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Feb 2, 2017

Viral protein transforms as it measures out DNA

Posted by in categories: biotech/medical, genetics, particle physics

To generate swarms of new viral particles, a virus hijacks a cell into producing masses of self-assembling cages that are then loaded with the genetic blueprint for the next infection. But the picture of how that DNA is loaded into those viral cages, or capsids, was blurry, especially for two of the most common types of DNA virus on earth, bacterial viruses and human herpesvirus. Jefferson researchers pieced together the three-dimensional atomic structure of a doughnut-shaped protein that acts like a door or ‘portal’ for the DNA to get in and out of the capsid, and have now discovered that this protein begins to transform its structure when it comes into contact with DNA. Their work published in Nature Communications.

“Researchers thought that the portal protein acts as an inert passageway for DNA,” says senior author Gino Cingolani, Ph.D., a Professor in the Department of Biochemistry and Molecular Biology at Thomas Jefferson University and researcher at the Sidney Kimmel Cancer Center. “We have shown that the portal is much more like a sensor that essentially helps measure out an appropriate length of DNA for each capsid particle, ensuring faithful production of new viral particles.”

The finding solves a longstanding puzzle in the field, and reveals a potential drug target for one of the most common human viral pathogens, herpesviruses, which is responsible for diseases such as chicken pox, mononucleosis, lymphomas and Kaposi sarcoma.

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Feb 2, 2017

Researchers identified 83 new DNA changes for human height

Posted by in categories: biotech/medical, genetics

An international team of researchers has identified 83 new DNA changes that strongly determine human height as well as also help predict a person’s risk of developing certain growth disorders.

Height is mostly determined by the information encoded in the human DNA — children from tall parents tend to be taller and those from short parents are shorter.

“Of these 83 genetic variations, some influence adult height by more than 2 cm, which is enormous,” said Guillaume Lettre, Professor at Montreal Heart Institute in Canada.

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Feb 2, 2017

Stunning scientific breakthrough allows DNA “rebirth” of animals from long-dead, partially decomposed tissue samples

Posted by in categories: biotech/medical, Ray Kurzweil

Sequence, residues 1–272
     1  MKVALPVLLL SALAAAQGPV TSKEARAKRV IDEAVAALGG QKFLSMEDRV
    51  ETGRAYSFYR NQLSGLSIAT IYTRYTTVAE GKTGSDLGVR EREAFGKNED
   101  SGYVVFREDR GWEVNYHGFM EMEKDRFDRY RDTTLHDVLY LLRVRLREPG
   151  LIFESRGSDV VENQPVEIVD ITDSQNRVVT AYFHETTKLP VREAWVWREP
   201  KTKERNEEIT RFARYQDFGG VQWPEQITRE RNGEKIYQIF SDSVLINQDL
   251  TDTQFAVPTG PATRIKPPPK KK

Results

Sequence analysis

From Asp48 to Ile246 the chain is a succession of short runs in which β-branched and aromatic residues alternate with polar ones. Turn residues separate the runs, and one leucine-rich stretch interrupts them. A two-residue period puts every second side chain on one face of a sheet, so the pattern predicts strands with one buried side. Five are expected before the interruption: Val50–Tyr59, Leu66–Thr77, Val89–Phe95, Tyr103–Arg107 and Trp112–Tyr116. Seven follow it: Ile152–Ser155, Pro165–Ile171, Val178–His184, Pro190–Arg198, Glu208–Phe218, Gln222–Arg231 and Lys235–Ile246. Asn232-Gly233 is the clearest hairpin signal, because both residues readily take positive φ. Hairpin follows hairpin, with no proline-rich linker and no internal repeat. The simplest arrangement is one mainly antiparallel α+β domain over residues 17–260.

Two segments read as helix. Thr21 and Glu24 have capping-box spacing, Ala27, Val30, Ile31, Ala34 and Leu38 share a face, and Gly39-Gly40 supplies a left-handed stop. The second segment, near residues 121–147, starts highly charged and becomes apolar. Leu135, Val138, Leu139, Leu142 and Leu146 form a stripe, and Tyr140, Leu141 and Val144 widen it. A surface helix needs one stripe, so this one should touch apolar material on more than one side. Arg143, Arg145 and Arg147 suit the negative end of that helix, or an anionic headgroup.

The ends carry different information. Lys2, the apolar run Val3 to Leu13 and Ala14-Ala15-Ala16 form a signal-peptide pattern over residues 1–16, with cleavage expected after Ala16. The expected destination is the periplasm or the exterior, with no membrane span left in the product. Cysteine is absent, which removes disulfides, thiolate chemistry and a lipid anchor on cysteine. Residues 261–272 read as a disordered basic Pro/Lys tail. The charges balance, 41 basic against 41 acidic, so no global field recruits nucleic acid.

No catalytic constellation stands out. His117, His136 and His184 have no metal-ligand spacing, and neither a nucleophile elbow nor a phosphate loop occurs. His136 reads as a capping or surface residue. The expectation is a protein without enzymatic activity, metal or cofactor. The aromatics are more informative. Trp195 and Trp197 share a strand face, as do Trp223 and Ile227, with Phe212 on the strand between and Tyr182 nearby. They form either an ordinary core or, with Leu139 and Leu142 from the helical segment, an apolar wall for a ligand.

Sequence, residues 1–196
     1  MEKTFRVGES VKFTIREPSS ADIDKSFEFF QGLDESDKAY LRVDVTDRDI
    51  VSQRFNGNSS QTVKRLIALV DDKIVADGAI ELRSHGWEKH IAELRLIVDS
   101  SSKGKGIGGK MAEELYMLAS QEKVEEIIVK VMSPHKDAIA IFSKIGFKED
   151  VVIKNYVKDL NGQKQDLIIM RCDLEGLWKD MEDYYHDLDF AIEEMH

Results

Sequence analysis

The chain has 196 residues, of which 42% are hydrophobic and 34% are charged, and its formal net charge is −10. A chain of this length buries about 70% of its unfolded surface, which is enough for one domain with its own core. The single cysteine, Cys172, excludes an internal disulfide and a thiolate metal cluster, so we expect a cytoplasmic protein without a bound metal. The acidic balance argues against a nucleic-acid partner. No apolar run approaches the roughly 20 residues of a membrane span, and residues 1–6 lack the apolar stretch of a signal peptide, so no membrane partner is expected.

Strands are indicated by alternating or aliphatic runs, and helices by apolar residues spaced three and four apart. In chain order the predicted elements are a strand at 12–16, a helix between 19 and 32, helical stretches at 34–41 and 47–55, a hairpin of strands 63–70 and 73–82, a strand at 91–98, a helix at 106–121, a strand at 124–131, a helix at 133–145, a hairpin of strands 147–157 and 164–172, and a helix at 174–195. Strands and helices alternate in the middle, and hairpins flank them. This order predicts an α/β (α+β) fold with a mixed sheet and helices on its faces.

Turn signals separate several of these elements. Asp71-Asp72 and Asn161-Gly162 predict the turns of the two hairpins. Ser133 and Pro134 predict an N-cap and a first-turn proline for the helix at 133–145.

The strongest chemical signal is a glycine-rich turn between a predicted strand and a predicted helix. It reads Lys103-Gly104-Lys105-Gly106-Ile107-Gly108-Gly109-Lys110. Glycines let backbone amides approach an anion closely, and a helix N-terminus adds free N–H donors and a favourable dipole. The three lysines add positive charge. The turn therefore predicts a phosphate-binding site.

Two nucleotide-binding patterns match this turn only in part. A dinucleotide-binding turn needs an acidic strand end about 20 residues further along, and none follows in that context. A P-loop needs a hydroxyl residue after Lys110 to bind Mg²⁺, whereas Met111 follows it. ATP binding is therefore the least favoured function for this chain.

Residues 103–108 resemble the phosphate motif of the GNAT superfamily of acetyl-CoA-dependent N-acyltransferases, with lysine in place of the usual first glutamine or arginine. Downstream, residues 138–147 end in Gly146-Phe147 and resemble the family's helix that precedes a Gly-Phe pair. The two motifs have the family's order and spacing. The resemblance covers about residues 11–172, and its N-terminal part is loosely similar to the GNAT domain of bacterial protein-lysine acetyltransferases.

Bring to life those old biology and museum specimens back to life. Sort of.

Let’s see Ray Kurzweils prediction of bringing people back from the dead may not be that too far off with this recent discovery. BTW — he may be interested in this one.


(Natural News) Rare animals have been sitting in glass jars on museum shelves across the world for decades, but very little is often known about these specimens. And many people would say that is exactly where they belong: on a shelf, as an object of the past simply to be remembered and admired from afar.

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Feb 2, 2017

The next step in nanotechnology

Posted by in categories: computing, nanotechnology

Nearly every other year the transistors that power silicon computer chip shrink in size by half and double in performance, enabling our devices to become more mobile and accessible. But what happens when these components can’t get any smaller? George Tulevski researches the unseen and untapped world of nanomaterials. His current work: developing chemical processes to compel billions of carbon nanotubes to assemble themselves into the patterns needed to build circuits, much the same way natural organisms build intricate, diverse and elegant structures. Could they hold the secret to the next generation of computing?

TEDTalks is a daily video podcast of the best talks and performances from the TED Conference, where the world’s leading thinkers and doers give the talk of their lives in 18 minutes (or less). Look for talks on Technology, Entertainment and Design — plus science, business, global issues, the arts and much more.
Find closed captions and translated subtitles in many languages at http://www.ted.com/translate

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Feb 2, 2017

Cleaning up quantum devices

Posted by in categories: computing, quantum physics

Latest update on the NPL Research on how to have cleaner Quantum Devices.


A paper, based on NPL collaborative research, has been published in the journal Physical Review Letters The work paves the way for the identification and elimination of small amounts of surface defects whose presence on the surfaces of solid state quantum devices is detrimental to their performance.